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Whitman County judge orders halt to Pac-12 board meeting on Wednesday, a win for WSU and OSU

WSU and OSU successfully put a stop to all 12 schools meeting for the first time in more than 15 months.

Whitman County Washington courthouse Photo by: Don & Melinda Crawford/Education Images/Universal Images Group via Getty Images

Good afternoon, Coug fans.

And Oregon State fans too!

Chant it with us- You Can’t Do That!

On Friday, news broke that Washington State University and Oregon State University filed a legal complaint - from what we gather, to protect the assets left behind by the departing ten members.

According to the initial article (cited here):

“Ten schools have given notice that they are leaving the Pac‑12 for other conferences. According to the Pac‑12 constitution and bylaws, if a member school gives notice of withdrawal, they automatically cease to be a member of the Pac‑12 Board of Directors. Therefore, Oregon State University and Washington State University now constitute the entire membership of the Pac‑12 Board of Directors, according to Oregon State President Jayathi Murthy and Washington State President Kirk Schulz.”

In their request for a temporary restraining order, the schools asked that the Pac-12 Board of Directors not be allowed to meet until it could be legally determined who should actually be on that board and making decisions for the future of the conference. Commissioner George Kliavkoff had called for a meeting, despite President Schulz request that he not, to involve all 12 schools this Wednesday to discuss the future, and both WSU and OSU were concerned enough that there would be 10 votes to just dissolve the conference and divide the assets, they asked for a TRO.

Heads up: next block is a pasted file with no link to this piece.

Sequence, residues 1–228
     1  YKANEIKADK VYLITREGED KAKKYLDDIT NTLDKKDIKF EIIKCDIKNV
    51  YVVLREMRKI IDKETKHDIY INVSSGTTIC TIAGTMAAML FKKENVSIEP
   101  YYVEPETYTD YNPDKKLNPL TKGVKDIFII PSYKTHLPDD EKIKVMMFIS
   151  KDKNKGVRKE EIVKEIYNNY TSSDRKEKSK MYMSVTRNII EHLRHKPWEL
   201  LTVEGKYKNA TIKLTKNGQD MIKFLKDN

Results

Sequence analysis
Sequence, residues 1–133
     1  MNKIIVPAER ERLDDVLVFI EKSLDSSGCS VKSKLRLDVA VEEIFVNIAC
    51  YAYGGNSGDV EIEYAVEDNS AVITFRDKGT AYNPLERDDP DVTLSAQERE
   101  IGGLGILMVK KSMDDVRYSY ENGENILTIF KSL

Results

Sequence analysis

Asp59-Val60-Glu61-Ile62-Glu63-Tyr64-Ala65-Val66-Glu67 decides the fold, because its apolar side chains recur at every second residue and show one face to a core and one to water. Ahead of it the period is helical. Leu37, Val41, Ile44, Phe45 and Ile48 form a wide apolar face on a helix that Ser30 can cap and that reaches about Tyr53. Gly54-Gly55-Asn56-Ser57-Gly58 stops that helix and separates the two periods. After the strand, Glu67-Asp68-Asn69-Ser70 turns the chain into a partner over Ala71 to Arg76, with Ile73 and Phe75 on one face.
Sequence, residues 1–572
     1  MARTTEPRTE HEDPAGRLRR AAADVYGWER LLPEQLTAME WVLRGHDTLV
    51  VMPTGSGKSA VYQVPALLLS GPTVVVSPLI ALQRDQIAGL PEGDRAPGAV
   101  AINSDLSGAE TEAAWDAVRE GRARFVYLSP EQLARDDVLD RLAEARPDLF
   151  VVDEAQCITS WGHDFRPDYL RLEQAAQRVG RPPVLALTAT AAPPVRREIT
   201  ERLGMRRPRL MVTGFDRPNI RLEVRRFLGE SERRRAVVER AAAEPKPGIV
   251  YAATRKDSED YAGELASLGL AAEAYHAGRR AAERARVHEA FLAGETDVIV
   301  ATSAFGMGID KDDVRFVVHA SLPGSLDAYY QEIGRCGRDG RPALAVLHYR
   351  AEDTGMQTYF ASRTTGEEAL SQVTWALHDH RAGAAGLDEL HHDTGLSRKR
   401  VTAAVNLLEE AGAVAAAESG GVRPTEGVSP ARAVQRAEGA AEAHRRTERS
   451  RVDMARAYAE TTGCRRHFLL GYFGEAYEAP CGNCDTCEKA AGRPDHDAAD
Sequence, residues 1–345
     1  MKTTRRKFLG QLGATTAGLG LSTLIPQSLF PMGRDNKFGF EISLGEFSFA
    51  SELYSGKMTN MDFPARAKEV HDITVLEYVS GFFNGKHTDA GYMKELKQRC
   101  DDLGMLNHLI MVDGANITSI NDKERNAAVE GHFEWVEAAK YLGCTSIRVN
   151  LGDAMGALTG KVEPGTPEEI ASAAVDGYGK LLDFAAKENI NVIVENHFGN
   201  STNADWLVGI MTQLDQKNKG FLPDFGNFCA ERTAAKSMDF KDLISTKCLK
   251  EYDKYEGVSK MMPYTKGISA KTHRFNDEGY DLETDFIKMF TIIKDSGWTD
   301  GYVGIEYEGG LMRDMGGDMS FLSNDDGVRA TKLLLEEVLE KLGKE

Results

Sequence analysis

On Monday afternoon in Colfax, they got just that.

An attorney for the schools laid out the case, centering around the fact that the other 10 schools had, in fact, given formal notice of withdrawal through news releases, social media and interviews despite their contention they’ve done nothing of the sort. The attorney also noted that the USC Trojans, UCLA Bruins and Colorado Buffaloes all lost voting rights from the moment they left- so no one else should be eligible to vote either.

And, in perhaps the most surprising revelation of all: a resolution would’ve been proposed at the Wednesday meeting for the conference to cover some of the associated costs with the departure of their soon to be former members.

We’re not kidding:

Superior Court Judge Gary Libey did amend his order to say that conference matters can be discussed but that it must be approved unanimously, meaning any action WSU and OSU don’t want to take in the near future won’t go forward.

A fun fact about our new favorite Superior Court Judge that makes him, in our humble opinion, even more superior than the rest?

Pre-Law, Washington State University, class of 1973.

Overall, this is a big initial win for Oregon State and Wazzu. They’ve assured the conference Board of Directors can’t meet until a court can determine who is actually on it and based on the case they laid out Monday morning, it should just be them. Schulz has spoken multiple times publicly about needing clarity on what will happen before they can determine their future and this is an important first step in that.

What that future is remains to be seen. We’ve floated a rather daring idea but OSU and Wazzu also need to know what they’re legally entitled to once everyone else departs. From there, you can try to determine the best path forward.